How to store cashmere

How to store cashmere

Cashmere is a wonderful material. It’s soft, lightweight, warm and on top of that, very stylish. It’s also highly durable and boasts a long lifespan. And it is our job as cashmere lovers to increase the longevity of our cashmere garments as much as possible.

And in order to help it live a lot longer, we need to take care of it properly. Washing and drying cashmere is a huge part of proper care. But there is one more step that follows. Storing cashmere is equally as important, but as you may probably guess, it’s not enough to just hang it, put it inside a wardrobe, and forget about it until next season comes.

So what is the best way to store cashmere? And why does it matter?

Why should you store cashmere properly?

As we have already mentioned, properly storing cashmere increases its longevity, allowing us to enjoy our favorite scarves and jumpers for so much longer. Trust us, your cashmere will be thanking you for dozens of years.

Storing cashmere after washing also prevents many odour-producing bacteria from ever gaining a foothold in your garments. And who would want to open their wardrobe and realize their favourite cashmere scarf smells funny?

And most importantly, store your cashmere the right way to protect it from moths. No one likes moths. They have a nasty reputation of just one day appearing inside our wardrobes and nibbling on our clothes. Often, they nibble on them so much that they destroy them, to the point of no return.

Now that we know why storing cashmere is important, let’s talk about how to store cashmere the best way.

Storing cashmere: best practices

Folding vs hanging

With many clothes, we often use coat hangers. But with cashmere, you should forget that coat hangers exist. Storing cashmere folded is always better in the long run.

Think of it that way. When hanged, gravity will be pulling the cashmere fibres down, stretching them in the process. Even though cashmere is very light it can’t escape physics. The tension will eventually cause stretching, and in the process, misshape your cashmere, on top of making it weaker.

Folding on the other hand prevents this type of damage. But, folded and stacked cashmere clothes are still susceptible to a different kind of force. Fortunately, compression damage can be greatly minimized. We’ll explain how in the next point.

Short-term vs long-term storage

Short-term refers to storing cashmere that you still intend to wear this season. While long-term storing means keeping your clothes safe until the next season when you decide to wear them again.

In a way, the same main rule applies to both. Keep your cashmere folded, and you’re going to be fine. Also, remember to not expose your cashmere to direct sunlight when storing it. The last thing is to keep your wardrobe a well-ventilated and moisture-free environment. But there are additional things you need to consider when taking time into account.

First of all, don’t put your in-use cashmere with the ones that are waiting for a different season. You don’t want any bacteria moving to your fresh garments, do you?

Secondly, when storing for the long term you should prepare to minimize compression damage that will happen from storing cashmere.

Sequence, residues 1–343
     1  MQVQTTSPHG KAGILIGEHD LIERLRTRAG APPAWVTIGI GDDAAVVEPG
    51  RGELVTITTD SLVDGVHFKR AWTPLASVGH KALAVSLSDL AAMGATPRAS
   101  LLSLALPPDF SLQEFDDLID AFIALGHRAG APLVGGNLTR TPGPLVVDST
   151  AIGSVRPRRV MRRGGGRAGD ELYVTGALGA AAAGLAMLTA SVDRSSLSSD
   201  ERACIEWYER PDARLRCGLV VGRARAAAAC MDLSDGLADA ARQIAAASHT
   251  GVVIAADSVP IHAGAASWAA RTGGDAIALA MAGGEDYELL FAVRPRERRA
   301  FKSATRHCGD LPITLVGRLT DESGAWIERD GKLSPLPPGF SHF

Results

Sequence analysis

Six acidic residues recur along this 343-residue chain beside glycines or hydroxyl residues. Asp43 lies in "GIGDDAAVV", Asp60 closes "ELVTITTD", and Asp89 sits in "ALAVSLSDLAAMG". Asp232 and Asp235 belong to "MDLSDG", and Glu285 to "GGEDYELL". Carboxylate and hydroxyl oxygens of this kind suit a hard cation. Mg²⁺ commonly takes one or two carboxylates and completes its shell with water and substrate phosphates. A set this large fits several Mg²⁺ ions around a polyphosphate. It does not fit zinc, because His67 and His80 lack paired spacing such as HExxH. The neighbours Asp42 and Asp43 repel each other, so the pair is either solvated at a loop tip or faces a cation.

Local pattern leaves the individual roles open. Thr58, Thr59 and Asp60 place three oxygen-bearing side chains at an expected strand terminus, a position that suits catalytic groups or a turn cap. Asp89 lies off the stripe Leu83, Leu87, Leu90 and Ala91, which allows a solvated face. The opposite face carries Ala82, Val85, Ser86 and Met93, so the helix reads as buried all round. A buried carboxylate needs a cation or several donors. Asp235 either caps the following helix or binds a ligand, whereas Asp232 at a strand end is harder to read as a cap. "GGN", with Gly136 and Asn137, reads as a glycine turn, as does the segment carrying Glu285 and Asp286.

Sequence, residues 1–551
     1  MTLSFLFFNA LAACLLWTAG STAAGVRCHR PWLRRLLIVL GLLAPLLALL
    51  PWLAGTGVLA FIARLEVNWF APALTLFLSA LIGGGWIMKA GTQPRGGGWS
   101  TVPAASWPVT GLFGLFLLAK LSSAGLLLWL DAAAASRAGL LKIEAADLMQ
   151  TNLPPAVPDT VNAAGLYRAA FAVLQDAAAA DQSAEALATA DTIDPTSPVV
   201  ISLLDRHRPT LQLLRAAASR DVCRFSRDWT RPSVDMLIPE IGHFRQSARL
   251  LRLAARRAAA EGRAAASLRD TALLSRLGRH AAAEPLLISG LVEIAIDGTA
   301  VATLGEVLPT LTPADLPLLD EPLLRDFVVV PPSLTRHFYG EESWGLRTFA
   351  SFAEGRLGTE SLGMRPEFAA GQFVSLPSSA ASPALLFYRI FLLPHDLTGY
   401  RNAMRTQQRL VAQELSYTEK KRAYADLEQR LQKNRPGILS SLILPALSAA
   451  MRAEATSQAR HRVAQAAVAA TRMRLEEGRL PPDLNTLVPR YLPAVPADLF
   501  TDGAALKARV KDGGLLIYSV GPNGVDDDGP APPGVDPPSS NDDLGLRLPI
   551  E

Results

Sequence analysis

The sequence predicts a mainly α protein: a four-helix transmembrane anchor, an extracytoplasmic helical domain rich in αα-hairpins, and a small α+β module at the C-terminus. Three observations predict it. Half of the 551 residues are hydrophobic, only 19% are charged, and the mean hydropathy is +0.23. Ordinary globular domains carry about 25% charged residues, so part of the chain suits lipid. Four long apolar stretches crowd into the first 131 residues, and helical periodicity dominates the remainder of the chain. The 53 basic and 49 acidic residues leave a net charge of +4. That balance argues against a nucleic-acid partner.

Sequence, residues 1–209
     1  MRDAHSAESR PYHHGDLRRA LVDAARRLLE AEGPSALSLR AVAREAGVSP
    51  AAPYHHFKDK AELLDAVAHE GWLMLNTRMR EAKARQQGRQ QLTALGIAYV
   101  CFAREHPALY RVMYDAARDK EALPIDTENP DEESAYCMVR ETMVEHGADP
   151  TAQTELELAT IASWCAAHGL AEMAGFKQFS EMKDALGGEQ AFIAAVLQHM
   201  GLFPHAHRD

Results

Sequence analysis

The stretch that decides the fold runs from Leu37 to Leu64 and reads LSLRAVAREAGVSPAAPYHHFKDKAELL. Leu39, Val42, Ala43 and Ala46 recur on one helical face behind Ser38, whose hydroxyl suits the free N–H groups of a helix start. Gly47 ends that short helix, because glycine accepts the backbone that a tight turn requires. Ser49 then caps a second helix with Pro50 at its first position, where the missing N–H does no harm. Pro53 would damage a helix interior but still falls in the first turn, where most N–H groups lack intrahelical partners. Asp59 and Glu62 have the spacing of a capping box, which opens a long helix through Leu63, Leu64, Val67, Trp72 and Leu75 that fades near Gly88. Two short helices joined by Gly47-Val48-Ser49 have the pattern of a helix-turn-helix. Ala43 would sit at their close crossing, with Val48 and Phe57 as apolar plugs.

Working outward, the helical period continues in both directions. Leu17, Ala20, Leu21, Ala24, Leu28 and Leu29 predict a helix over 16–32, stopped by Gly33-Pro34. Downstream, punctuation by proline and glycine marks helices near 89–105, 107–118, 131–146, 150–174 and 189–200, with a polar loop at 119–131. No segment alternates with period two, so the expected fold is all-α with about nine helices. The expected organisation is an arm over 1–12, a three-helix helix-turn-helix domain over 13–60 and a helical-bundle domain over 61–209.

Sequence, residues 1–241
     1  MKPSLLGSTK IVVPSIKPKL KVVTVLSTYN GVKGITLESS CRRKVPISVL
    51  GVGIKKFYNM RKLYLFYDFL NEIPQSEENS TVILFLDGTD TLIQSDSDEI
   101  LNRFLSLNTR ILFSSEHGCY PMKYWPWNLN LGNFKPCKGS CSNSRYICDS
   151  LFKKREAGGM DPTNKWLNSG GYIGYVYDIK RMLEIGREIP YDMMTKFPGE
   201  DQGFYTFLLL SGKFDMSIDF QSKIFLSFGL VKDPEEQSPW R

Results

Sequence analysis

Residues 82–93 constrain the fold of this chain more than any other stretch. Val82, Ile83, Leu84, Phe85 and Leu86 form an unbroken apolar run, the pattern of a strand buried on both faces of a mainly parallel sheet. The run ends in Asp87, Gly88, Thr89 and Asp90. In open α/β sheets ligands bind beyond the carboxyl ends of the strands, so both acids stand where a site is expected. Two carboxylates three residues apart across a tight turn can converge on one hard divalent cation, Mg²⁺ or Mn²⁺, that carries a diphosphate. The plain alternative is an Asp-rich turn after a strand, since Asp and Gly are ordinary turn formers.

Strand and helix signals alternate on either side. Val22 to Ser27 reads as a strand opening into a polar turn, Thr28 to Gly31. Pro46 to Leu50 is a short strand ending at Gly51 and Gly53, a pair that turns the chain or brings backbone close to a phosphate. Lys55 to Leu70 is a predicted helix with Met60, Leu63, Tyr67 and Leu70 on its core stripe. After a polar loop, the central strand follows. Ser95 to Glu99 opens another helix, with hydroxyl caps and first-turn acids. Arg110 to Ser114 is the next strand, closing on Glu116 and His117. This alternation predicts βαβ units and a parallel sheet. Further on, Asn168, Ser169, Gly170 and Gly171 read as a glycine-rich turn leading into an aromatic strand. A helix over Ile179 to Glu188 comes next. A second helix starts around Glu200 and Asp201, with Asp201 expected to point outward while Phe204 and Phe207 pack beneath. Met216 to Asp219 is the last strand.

We recommend separating the cashmere layers with a piece of cloth.

This will break the tension between the natural cashmere fibres. Using bags for clothes storage is also a good idea. But, not all bags are made equal. So which ones are a good fit for storing cashmere clothes?

Which bags should you use to store cashmere?

Can you store cashmere in plastic bags? That’s not a good idea. Plastic is non-breathable. It also traps heat and moisture very well. All of these properties are an absolute hindrance to cashmere storage. You’re better off not using bags at all than trapping your precious cashmere inside a plastic one.

Is it safe to store cashmere in vacuum bags? So plastic bags are not suitable, but what about vacuum bags? They won’t trap heat and moisture, right? While that is true, they come with a different drawback. We have already mentioned that compression damage happens even when just stacking your light cashmere garments on each other. Think of how much tension your fibers are experiencing when exposed to vacuum pressure. Unfortunately, vacuum bags are not fit for storing cashmere.

Should you use knitwear bags? The third time’s the charm. Knitwear bags are absolutely suitable for cashmere storage. They are breathable, don’t trap heat and moisture, and don’t cause any additional tension. Just remember to not squeeze too many clothes inside one bag, or the compression damage will increase. 2-3 garments per bag is usually an optimal amount. Knitwear bags also serve as a protective layer against moths.

And while we’re on the subject of moths…

How to protect cashmere against moths?

Cedarwood – Moths hate the smell of cedarwood. If you have one, you can store cashmere in a cedar chest. If you don’t, just having small cedar blocks or balls of cedarwood inside your wardrobe is a great way to tell the pesky clothes eaters they are not welcome.

Lavender – It’s yet another smell moths dislike. When storing cashmere, put a small bundle of dried lavender in your wardrobe. Also if you like the smell of lavender it can double down as a great air freshener.

Ventilation – Moths are attracted to lingering smells in our clothes. Keeping your wardrobe well ventilated, and washing cashmere prior to storing it, is itself moth prevention method.

Moth traps – These are more radical solutions to the moth problem, very useful as both a preventive measure and cure to a possible moth problem.

And that’s it. Now you know how to protect cashmere against those pesky clothes nibblers. No more fine dining for them! Your wardrobe now bars moths from entering, keeping your clothes fresh, safe, and whole.